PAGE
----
Energy users rush to PPAs for cost certainty and clean power
Future of Energy report draws on perspectives from big energy consumers, project developers and owners, financiers, networks, retailers and policy bodies.
28 October 2019 – Major energy users are moving away from traditional electricity supply contracts as they seek cost certainty, according to findings in a report published today by global engineering, design and advisory company Aurecon.
More than two in three energy users surveyed said they were considering a Power Purchase Agreement or long-term contract, while another one in four respondents were exploring self-generation.
Aurecon Managing Director for Energy, Resources & Manufacturing Paul Gleeson, said:
“The report’s findings are understandable given businesses’ desire for cost certainty in energy procurement and increasing demand for clean energy. However, it is important energy users do their due diligence and make sure they understand the technical complexities of the grid before rushing to sign a Power Purchase Agreement.
"When we compare our grid and market internationally, Australia’s population and loads are relatively sparsely spread out along our long coastline. This means our grid extends over much longer distances than other countries grids and is relatively ‘skinny’ and only weakly meshed with other parts of the grid. Those differences mean we are already experiencing major challenges at much lower penetration of renewables than we are seeing overseas.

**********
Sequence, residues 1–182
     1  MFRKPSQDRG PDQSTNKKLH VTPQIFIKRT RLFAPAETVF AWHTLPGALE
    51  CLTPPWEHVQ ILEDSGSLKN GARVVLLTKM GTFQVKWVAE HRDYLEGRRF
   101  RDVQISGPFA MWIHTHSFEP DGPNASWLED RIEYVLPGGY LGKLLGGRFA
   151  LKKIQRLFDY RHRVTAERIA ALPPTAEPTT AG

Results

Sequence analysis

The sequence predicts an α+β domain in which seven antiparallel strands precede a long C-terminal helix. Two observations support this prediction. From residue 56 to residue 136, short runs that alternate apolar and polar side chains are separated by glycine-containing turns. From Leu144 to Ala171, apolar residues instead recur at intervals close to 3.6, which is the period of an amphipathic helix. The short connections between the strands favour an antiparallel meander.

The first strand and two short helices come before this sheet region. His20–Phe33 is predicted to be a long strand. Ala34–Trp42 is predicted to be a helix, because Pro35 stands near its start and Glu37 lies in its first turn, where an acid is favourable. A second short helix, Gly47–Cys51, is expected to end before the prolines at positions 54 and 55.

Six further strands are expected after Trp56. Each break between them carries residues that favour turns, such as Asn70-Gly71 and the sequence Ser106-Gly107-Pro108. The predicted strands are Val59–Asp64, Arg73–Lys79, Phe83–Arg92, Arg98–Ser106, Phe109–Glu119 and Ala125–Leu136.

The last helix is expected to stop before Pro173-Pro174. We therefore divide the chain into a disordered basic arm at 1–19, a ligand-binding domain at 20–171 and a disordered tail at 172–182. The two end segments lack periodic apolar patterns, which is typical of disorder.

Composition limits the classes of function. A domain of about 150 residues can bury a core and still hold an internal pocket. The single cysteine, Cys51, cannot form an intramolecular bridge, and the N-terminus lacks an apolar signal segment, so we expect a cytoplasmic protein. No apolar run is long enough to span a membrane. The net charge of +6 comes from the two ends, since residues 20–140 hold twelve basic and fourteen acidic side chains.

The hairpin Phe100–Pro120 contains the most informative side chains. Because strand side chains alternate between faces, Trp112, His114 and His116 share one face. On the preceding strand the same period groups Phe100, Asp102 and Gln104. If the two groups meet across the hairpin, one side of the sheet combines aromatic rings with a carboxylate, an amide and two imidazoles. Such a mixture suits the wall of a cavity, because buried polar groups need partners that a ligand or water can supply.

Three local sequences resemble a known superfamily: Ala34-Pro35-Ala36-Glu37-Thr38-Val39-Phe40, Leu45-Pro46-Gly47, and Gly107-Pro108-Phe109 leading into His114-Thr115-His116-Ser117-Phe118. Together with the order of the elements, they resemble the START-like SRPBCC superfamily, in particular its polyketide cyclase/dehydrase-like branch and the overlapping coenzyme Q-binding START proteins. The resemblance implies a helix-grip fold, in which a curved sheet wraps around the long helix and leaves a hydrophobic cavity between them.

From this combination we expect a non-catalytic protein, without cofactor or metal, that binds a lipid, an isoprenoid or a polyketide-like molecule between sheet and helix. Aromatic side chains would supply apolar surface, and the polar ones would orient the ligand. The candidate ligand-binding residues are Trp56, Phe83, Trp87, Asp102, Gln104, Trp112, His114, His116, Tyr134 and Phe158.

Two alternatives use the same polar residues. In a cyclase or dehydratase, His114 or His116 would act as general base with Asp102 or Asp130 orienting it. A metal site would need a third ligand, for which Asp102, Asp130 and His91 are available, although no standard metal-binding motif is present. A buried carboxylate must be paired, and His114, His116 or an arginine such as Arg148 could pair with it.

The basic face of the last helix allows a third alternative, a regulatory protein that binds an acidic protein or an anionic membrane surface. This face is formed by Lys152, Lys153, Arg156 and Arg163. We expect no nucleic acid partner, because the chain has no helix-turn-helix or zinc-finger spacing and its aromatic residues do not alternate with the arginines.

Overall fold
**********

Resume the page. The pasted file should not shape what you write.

"Managing this is becoming a headache for the Australian Energy Market Operator, for network owners, and for industry participants trying to connect to the grid. Power Purchase Agreements remain an excellent option for many organisations looking for clean power and cost certainty – what’s important is that they do the necessary work upfront to ensure they don’t get any unwanted surprises.”
Aurecon has advised dozens of organisations – users, developers and generators – on how grid technicalities can have a significant impact on Power Purchase Agreements, and how best to manage those risks within the agreement.
Mr Gleeson added: “You can never fully de-risk a project, but you can mitigate a lot of the risk by modelling how it will behave in a range of scenarios, and then allocating those risks to the right parties.”
“The Australian energy system is large, complex and multi-faceted, with different market
and policy forces operating on the participants and a variety of new technologies and
business models being deployed to deal with transition and disruption. What does this mean for big energy consumers, energy suppliers, power producers, new projects and government and how can these stakeholders understand the current market state to better prepare for their future? This report aims to answer these questions” Mr Gleeson said.